You may be entitled to one of the above test versions or special arrangements if you have cognition and learning needs, communication and interaction needs, sensory and physical needs or social, mental and emotional needs. This could include:
If you are experiencing difficulties that are related to handwriting (the test is on a computer) or English not being your first language, you will not be allowed extra time. If you have personal circumstances, short-term illness or another specific situation that you feel is a mitigating circumstance that will affect your ability to sit the test you will need to contact the UCAT office for advice.
In order to apply and access special arrangements or test versions, you must first register on the UCAT website. Once you are registered, you will be required to complete an Access Arrangements Application and supply support evidence to your application. In order to complete this, you will be required to include your candidate ID which will have been assigned to you at registration. You must only submit one application. Applications for access arrangements close at midday on September 17th, 2020.
Applications can take up to five working days to process and therefore UCAT recommends that you apply at least ten working days before you wish to take UCATSEN. UCAT will respond to your application via email (keep an eye on your spam folder!) and, therefore, if you have not heard from them within five working days, it is recommended that you contact the UCAT office to see how your application is progressing.
You will be unable to book UCATSA, UCATSENSA and UCATSEN50 until you have been granted approval for your access arrangements. However, for those wanting 25% extra time only, before you are granted approval, you are able to book UCATSEN. Yet, it is strongly recommended that you obtain confirmation before sitting your test. UCAT is clear to say that, if you have not been given the approval to sit UCATSEN prior to the deadline, your chosen universities will be told that they cannot confirm whether or not you are entitled to extra time which may risk your result not being accepted.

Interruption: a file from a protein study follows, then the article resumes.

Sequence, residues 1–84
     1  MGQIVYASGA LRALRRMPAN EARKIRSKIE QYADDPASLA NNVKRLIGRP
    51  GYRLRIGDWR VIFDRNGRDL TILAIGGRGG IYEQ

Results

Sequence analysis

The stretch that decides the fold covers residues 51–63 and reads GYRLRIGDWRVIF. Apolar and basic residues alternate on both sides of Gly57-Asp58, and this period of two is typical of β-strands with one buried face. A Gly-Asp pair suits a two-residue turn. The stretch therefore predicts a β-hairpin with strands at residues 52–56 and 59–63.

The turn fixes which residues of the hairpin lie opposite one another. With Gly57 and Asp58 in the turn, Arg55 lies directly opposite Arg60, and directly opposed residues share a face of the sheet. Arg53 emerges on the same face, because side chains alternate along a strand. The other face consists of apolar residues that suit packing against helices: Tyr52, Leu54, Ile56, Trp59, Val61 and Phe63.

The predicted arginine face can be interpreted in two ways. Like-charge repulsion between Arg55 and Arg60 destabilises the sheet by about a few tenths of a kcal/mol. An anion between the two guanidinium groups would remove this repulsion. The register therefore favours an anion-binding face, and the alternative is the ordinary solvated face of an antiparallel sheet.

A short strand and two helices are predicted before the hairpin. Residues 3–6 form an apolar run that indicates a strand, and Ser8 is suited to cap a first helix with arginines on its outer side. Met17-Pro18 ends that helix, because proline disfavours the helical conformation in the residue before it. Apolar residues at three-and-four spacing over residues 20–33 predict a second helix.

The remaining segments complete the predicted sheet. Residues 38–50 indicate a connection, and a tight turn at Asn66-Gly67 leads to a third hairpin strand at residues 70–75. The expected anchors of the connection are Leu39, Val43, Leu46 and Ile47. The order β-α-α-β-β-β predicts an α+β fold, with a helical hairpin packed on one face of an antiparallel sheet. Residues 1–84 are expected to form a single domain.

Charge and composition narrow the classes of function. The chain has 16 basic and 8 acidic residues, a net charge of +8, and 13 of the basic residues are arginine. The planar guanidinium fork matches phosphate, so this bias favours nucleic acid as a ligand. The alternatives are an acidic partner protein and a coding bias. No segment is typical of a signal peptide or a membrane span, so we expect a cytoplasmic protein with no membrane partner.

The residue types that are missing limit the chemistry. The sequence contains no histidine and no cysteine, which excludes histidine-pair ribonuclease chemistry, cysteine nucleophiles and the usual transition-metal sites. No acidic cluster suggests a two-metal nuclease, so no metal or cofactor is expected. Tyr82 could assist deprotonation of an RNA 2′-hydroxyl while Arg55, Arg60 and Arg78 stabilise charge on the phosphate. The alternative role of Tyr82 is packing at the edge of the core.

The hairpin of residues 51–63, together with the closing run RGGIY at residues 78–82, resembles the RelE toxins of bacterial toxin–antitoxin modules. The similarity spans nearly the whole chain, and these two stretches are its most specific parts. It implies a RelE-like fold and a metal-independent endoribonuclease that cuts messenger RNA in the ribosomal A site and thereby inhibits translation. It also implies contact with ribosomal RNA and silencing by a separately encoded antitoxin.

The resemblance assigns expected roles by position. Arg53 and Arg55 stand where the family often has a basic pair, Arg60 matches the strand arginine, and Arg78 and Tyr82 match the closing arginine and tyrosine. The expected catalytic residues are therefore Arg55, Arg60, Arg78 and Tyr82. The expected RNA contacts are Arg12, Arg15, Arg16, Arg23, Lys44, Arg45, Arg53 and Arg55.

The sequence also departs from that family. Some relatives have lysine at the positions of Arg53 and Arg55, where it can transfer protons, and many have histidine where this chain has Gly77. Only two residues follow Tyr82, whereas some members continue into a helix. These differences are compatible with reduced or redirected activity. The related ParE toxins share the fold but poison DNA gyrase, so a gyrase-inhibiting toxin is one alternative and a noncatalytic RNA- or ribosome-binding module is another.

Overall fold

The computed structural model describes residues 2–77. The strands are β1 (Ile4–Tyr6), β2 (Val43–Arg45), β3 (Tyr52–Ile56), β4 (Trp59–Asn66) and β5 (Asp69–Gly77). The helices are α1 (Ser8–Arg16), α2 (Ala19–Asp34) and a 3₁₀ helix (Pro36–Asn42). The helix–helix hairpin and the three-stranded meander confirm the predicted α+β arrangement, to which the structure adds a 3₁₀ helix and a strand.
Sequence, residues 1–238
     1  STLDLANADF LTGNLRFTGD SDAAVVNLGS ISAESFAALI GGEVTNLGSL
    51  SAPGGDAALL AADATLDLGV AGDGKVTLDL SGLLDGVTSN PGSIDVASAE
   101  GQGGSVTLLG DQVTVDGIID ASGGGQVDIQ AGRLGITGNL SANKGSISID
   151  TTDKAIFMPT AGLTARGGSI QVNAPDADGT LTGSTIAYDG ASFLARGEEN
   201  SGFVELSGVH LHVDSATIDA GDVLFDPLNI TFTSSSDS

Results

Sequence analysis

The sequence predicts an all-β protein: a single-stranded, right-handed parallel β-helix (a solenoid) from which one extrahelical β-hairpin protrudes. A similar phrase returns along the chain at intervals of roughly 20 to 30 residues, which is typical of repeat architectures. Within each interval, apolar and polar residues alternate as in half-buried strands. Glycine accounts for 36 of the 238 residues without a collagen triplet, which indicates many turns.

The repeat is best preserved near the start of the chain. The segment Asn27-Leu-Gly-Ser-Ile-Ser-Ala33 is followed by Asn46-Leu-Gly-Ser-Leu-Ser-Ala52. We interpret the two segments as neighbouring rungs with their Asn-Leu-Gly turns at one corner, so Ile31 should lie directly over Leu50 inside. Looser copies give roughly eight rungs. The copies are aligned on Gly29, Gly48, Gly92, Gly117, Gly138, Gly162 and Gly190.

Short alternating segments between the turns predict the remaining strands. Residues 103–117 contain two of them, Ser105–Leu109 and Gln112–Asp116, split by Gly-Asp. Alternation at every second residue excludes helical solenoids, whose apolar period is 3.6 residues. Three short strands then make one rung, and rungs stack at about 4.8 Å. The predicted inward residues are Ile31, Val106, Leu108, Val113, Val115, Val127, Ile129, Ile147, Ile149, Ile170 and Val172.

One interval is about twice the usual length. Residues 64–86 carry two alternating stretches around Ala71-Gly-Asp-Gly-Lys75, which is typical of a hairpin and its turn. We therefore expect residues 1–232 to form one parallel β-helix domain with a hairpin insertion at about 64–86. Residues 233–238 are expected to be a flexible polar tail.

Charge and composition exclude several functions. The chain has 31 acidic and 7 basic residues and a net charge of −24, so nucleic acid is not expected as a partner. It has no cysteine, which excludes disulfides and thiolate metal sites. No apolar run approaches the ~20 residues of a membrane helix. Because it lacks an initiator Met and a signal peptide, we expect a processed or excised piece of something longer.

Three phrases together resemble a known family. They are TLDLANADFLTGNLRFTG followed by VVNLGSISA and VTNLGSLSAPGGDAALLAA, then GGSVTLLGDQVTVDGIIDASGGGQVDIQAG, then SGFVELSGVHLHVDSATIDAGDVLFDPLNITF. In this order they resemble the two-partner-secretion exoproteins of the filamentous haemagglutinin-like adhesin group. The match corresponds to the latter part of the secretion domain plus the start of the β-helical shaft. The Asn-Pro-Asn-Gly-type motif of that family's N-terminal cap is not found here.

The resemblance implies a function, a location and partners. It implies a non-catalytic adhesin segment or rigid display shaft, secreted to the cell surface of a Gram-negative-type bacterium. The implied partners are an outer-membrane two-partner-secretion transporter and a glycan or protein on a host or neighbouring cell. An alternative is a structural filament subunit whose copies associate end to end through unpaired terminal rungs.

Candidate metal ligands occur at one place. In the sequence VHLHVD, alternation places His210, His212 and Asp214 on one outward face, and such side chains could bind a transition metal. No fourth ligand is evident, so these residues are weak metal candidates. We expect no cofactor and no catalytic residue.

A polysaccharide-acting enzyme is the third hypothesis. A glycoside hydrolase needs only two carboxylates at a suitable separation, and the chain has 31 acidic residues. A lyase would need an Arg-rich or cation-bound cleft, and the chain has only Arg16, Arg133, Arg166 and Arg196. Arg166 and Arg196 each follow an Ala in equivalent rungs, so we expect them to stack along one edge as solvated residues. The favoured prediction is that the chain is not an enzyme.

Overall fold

If you do not apply for access arrangements in good time, being granted approval of your application is not a guarantee that you will be able to sit your test with those arrangements. There may be limited test slot availability that means that UCAT is unable to accommodate your arrangements. In order to avoid this, ensure that you apply for access arrangements as early as you can and book your preferred test date, with your access arrangements, as early as possible too.
As part of your application for access arrangements, you will be required to submit supporting evidence. This will need to be a recent, signed letter on headed paper from your school, college or university. The letter must explicitly state the arrangements that you are entitled to for your examinations. This could include the amount of extra time that you are entitled to in your public examinations (such as 25%), the amount of time for any rest breaks you may have and/or any other arrangements. The letter must also state the reason that these arrangements have been put in place, such as the diagnosis you have received from a medical professional, an assessment by a specialist teacher or educational psychologist.
In some circumstances, if you are unable to provide a letter from your school as specified above, UCAT may accept other forms of evidence. This could include:
Some access arrangements do not require support evidence or approval. These are subject to availability at the test centre and must be arranged at least five working days in advance of your test date. These arrangements may include wheelchair access, a desk with an adjustable height, changes to the colour scheme and/or font size of the test and coloured overlays (that you, as the candidate, must supply). In order to arrange any of these accommodations, you must phone Pearson VUE Customer Services on +44 (0) 161 855 7409. If you require a colour scheme or font size arrangements, there are many different options available to you.
At the start of your exam, you will be able to select the colour scheme that you prefer: